Dear Small Business Owner: Thanks for
or...Musical Instrument Retailing in 2004.
Update, December 2004:
We got our copy of the February 2005 Vintage Guitar magazine, and found that Gibson was really helping out its dealers. Read all about Fender, then check out the update on Gibson.
One of the most common rants here at GuitarAttack is the takeover of the musical instrument business by Wal-Mart-like superstores and online retailing. What you are about to see will convince you that what we've been saying for the last several years is absolutely true: the big instrument makers are deliberately pushing the small dealers out of the system.
KK's Music has been a Fender dealer since 1985. Ken, the owner, and I went to the New Orleans NAMM Show in that year and, among other things, got signed up with Fender. Ken's Fender Rep in Middle Tennessee was none other than the legendary Fender icon, Bill Carson and his wife Susan. I got to meet Bill and Susan through Ken, and they were absolutely great people. Ken has carried the water for Fender in his part of Middle Tennessee, and has continued to stay competitive as the business climate has changed. Ken stuck with them even though there was no way he could possibly carry every model of Strat -- who could?-- and has sold a lot of Fender products over the years.
Then, on January 6th, 2004, and without warning, the following letter arrived at Ken's office.
Note the personal, form-letter touches. What is most amazing is that Ken's current rep didn't have the courtesy, or balls, to let him know that this was coming. Now how is that for loyalty to a dealer of 18 years?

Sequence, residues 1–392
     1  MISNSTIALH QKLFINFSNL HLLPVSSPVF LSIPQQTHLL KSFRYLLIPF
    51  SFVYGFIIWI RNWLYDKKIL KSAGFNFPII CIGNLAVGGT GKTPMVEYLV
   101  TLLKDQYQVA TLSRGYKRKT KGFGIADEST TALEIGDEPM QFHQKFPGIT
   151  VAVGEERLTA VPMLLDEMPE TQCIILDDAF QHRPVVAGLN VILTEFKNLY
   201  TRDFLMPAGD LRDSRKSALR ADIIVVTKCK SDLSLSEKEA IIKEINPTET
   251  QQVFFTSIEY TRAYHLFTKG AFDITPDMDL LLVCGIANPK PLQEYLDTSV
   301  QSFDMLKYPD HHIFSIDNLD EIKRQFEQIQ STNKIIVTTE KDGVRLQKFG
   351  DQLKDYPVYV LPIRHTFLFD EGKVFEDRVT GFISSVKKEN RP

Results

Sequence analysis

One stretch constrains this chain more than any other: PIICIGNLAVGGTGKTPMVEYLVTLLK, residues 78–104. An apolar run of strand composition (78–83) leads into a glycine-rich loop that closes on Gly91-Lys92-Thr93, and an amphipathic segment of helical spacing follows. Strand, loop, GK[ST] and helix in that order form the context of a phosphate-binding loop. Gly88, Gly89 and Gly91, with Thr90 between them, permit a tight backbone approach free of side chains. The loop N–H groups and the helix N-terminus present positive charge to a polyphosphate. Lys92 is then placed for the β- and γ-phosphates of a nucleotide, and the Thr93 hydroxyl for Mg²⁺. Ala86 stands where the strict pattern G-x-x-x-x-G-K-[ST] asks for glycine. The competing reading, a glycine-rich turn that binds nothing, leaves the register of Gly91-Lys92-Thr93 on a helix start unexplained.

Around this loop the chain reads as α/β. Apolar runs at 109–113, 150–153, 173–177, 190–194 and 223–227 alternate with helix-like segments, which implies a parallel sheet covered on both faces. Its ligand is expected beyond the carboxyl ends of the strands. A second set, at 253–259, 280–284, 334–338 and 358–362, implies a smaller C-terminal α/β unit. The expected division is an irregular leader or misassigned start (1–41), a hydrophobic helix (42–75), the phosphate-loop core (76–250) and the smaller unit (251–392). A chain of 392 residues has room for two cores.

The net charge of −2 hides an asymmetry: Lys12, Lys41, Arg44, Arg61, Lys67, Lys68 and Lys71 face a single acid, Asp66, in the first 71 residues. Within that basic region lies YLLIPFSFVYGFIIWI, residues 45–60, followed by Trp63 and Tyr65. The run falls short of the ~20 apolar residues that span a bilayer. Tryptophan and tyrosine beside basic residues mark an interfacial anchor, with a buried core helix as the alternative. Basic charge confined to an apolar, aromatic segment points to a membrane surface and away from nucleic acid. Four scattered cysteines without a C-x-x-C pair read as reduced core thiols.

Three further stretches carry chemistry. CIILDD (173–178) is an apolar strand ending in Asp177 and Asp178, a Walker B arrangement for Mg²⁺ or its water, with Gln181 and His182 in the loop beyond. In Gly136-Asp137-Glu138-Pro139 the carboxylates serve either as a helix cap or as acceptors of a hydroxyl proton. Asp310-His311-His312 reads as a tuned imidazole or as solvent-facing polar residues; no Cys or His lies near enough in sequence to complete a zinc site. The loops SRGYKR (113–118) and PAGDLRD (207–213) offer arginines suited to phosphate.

Ken was able to keep it going in spite of all of the pressures from other retailers, no thanks to Fender. One of the most common was the catalog challenge. You music guys know the deal -- a teenager walks in with a Musician's Friend catalog and wants to pay the same for the Strat hanging on Ken's wall as he would buying from the catalog. Ken would make the attempt to sell the guitar, while explaining that paying a little more and buying locally was a good idea. Hard to explain to someone who doesn't play guitar anyway, and this is something we've talked about before.
Next was the internet challenge. I've often said, "How many stores on the internet can make a profit selling the exact same product like a Delta drillpress?" The answer is probably "one" because the internet makes no distinction for geography. To be top dog in this big marketplace, you have to distinguish yourself, and the big factor is usually price. This is what Mr. Gruhn refers to as a "reverse auction" -- retailers undercutting each other for the privilege of selling you a guitar and usually not making much, or any money in the process.
Couple this with the move to mega-retailers like Guitar Center sprouting up around the country. We've talked about Guitar Center being able to retail guitars cheaper than small dealers can buy them wholesale from Fender. We also told you about the special "invited guests only" sale in Scottsdale where Fender blew out an incredible amount of inventory to a select few retailers -- way below cost!